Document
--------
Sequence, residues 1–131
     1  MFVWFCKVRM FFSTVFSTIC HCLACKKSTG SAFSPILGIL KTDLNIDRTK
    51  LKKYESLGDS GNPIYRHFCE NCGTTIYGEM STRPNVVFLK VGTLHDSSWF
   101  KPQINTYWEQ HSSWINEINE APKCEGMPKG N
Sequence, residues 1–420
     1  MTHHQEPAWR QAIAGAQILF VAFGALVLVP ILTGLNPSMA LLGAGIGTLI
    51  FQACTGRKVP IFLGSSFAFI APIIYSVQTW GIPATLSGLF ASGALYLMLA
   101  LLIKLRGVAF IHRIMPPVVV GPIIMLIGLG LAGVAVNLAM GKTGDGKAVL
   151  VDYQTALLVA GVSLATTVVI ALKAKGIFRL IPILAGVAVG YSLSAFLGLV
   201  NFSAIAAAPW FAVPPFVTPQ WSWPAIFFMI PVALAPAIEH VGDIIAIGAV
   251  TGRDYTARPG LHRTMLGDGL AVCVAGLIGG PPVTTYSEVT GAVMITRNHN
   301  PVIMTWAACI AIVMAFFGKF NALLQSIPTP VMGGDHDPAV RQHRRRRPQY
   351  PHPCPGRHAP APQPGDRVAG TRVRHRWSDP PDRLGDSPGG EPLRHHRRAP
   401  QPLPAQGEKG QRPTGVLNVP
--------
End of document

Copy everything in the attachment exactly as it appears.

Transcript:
Sequence, residues 1–131
     1  MFVWFCKVRM FFSTVFSTIC HCLACKKSTG SAFSPILGIL KTDLNIDRTK
    51  LKKYESLGDS GNPIYRHFCE NCGTTIYGEM STRPNVVFLK VGTLHDSSWF
   101  KPQINTYWEQ HSSWINEINE APKCEGMPKG N
Sequence, residues 1–420
     1  MTHHQEPAWR QAIAGAQILF VAFGALVLVP ILTGLNPSMA LLGAGIGTLI
    51  FQACTGRKVP IFLGSSFAFI APIIYSVQTW GIPATLSGLF ASGALYLMLA
   101  LLIKLRGVAF IHRIMPPVVV GPIIMLIGLG LAGVAVNLAM GKTGDGKAVL
   151  VDYQTALLVA GVSLATTVVI ALKAKGIFRL IPILAGVAVG YSLSAFLGLV
   201  NFSAIAAAPW FAVPPFVTPQ WSWPAIFFMI PVALAPAIEH VGDIIAIGAV
   251  TGRDYTARPG LHRTMLGDGL AVCVAGLIGG PPVTTYSEVT GAVMITRNHN
   301  PVIMTWAACI AIVMAFFGKF NALLQSIPTP VMGGDHDPAV RQHRRRRPQY
   351  PHPCPGRHAP APQPGDRVAG TRVRHRWSDP PDRLGDSPGG EPLRHHRRAP
   401  QPLPAQGEKG QRPTGVLNVP